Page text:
• Whatever the change, small or large, never allow the ‘overpowering logic’, the ‘it’s great for us’ or even ‘it’s great for you’ arguments to hold sway, let alone the anathema of ‘our bosses have told us …’. They don’t work!

    So start with your organisation’s avowed Mission, Vision and Values, and having communicated them consistently with passion, from the top, get to work on understanding what these mean to each of your colleagues or work groups. (MBTI can be very helpful here, not the least as a tactical tool.)

  • Identify, recognise and deal with historic barriers to change in your organisation openly and the attitudes that may feed them.
    These attitudes may be cognitive, for example “I understand and recognise…”; conative, as in “I have learned by practical experience…”; or, far more difficult to change, affective, typified by covert feelings such as “I just ‘know’ all managers / politicians / accountants / whatever are against me…”

    If you don’t research and understand these ‘affective’ and deeply espoused attitudes in practice, to establish the core reasons for such attitudes and deal with what founded them, forget delivering any embedded change other than by coercion! And then, note that experience shows that ‘coercion’ only works short term, for reasons you might not be proud of, and rarely sustainably.

  • Select carefully and develop your ‘change champions’ and their leaders. They need to be empowered from the very top to break the mould and to do things differently, and they also need to be genuine influencers amongst their peers. They must also be allowed to challenge everything, even to suggest the ‘Emperor has no clothes’ – and for these reasons, well-led, fully trusted and intimately engaged, ‘poachers’ can indeed make excellent ‘game-keepers’.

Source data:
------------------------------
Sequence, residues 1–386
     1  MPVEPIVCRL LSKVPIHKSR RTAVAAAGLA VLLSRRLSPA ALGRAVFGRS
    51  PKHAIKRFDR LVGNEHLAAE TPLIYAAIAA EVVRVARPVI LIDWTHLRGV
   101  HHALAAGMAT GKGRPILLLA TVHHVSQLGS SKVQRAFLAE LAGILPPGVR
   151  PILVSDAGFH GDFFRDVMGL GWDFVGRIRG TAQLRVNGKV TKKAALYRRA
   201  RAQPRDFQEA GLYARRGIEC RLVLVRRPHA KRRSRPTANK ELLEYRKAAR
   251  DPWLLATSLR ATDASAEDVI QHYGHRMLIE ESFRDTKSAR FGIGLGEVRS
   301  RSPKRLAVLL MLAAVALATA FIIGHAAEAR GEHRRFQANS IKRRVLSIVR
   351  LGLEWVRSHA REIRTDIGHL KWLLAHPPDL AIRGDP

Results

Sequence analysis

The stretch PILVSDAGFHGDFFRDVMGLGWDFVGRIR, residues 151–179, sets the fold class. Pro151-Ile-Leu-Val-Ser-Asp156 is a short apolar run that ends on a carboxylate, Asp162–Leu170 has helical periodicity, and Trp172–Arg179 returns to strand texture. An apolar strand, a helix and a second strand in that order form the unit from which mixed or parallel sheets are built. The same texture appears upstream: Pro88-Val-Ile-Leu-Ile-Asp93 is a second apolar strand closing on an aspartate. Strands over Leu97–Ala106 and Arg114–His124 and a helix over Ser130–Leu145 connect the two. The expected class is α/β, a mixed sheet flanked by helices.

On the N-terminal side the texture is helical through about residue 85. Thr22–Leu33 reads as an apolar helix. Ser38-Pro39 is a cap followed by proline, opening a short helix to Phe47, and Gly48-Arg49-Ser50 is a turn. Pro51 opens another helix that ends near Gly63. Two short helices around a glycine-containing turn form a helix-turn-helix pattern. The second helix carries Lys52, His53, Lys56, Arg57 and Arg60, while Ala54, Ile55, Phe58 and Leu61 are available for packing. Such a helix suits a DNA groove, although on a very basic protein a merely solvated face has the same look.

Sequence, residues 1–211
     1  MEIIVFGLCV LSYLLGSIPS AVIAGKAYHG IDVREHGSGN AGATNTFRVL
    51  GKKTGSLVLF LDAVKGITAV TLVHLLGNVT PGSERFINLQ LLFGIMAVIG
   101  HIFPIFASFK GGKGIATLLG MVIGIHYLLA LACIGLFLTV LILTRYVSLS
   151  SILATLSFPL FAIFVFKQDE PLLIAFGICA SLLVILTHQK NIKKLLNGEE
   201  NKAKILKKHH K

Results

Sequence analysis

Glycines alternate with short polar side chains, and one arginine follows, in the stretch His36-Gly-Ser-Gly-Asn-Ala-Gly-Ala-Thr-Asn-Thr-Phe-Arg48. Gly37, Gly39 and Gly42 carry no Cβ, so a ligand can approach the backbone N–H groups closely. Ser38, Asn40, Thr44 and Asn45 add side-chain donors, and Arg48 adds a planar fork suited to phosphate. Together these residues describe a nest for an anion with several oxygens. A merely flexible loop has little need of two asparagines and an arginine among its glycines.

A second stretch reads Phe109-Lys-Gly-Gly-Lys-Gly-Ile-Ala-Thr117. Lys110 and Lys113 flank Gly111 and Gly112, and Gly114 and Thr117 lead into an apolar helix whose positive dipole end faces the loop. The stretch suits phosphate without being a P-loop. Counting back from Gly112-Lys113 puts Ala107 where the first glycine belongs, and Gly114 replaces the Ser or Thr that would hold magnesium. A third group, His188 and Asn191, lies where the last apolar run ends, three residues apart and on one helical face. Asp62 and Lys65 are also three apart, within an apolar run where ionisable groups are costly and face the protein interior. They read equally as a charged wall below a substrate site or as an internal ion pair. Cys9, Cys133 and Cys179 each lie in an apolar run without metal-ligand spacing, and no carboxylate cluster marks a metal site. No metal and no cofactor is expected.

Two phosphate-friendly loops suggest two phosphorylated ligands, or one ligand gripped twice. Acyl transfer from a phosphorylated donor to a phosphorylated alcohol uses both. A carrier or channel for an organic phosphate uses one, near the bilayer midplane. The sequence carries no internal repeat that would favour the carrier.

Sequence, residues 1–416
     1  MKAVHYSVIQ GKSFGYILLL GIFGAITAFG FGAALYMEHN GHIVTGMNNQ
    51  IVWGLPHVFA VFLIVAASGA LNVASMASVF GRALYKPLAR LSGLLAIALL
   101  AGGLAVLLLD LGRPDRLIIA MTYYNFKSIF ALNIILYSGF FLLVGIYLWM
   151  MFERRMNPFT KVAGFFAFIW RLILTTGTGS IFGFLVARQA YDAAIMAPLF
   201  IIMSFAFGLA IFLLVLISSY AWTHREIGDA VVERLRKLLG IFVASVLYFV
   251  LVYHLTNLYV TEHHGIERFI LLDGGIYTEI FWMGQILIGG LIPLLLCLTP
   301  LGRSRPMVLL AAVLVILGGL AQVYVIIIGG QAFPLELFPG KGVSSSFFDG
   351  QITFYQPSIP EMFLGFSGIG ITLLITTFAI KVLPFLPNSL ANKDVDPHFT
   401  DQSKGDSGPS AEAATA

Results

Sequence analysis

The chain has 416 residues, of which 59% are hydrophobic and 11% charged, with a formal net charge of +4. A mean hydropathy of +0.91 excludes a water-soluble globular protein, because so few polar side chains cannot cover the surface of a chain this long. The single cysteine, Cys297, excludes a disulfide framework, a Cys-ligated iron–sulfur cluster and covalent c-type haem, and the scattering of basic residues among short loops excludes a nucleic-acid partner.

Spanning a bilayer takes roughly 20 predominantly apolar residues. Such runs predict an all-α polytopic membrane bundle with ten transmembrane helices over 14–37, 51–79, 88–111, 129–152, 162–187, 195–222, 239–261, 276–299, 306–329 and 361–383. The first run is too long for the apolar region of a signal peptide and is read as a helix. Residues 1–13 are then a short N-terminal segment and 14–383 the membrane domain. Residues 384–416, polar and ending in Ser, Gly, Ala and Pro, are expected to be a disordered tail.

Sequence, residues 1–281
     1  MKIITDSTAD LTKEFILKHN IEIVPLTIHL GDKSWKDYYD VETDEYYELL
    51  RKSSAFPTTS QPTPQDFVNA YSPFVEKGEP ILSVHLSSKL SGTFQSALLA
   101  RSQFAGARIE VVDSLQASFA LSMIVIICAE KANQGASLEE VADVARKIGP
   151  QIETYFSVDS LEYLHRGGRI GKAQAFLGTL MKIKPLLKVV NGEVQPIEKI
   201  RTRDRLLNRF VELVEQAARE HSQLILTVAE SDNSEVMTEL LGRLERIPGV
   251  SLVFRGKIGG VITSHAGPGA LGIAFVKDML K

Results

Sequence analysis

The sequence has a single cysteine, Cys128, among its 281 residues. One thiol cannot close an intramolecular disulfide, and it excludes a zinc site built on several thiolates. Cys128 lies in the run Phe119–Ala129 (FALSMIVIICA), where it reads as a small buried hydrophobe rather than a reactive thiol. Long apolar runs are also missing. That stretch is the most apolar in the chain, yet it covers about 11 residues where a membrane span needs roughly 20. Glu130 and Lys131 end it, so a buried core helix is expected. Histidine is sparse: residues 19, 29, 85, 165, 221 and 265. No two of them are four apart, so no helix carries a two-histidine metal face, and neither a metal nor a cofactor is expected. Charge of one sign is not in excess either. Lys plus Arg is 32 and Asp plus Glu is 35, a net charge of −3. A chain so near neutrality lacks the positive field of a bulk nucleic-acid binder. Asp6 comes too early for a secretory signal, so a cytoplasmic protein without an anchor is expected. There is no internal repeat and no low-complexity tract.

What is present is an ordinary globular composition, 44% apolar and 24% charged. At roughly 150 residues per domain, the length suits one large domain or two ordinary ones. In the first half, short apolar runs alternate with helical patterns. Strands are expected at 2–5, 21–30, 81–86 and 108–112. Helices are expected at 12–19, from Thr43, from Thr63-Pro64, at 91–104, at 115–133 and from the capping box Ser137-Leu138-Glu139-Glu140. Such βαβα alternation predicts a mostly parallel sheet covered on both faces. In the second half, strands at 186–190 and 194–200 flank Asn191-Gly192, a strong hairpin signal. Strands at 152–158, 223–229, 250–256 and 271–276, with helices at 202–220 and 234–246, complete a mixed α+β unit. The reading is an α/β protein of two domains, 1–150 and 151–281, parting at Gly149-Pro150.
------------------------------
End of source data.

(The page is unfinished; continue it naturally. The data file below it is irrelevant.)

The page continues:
• Reward change. This doesn’t necessarily mean financially! It may ‘just’ be by peer recognition, however delivered, increased security, promotion, affiliation and much more. But beware the impact on others who may not be included.

Naturally, ‘different folks require different strokes’, and of course academic research of ‘change’ can help practitioners. But it is the detailed, practical application of change that really counts.

One Response

  1. Don’t forget involvement as a key to success
    I agree wholeheartedly with Jeremy’s practical tips for manageing change, and would add one more action, which is fundamental to success – INVOLVEMENT.

    Roger Harrison, one of the originators of OD and change management, put it very clearly and succinctly in his autobiographical comment on consulting “It suddenly seemed so simple and clear, that if we wanted people to work together to change things, we need to get them working from a common appreciation of how things are… If we want them to cooperate in planning and action, we have to find common ground between them on how they would like things to be different in the future, and we have to give each of them a stake in a shared vision of that future.” Roger Harrison, Consultants Journey.

    Techniques and processes that allow you to put the whole system inthe room and facilitate participation with large groups – Appreciative Inquiry, Future Search, Open Space, etc – now give us as HR professionals the capability to put people in the picture, involve not just communicate, and provide processes for the co-creation of change. And in a rapid time frame as well.

    Geof Cox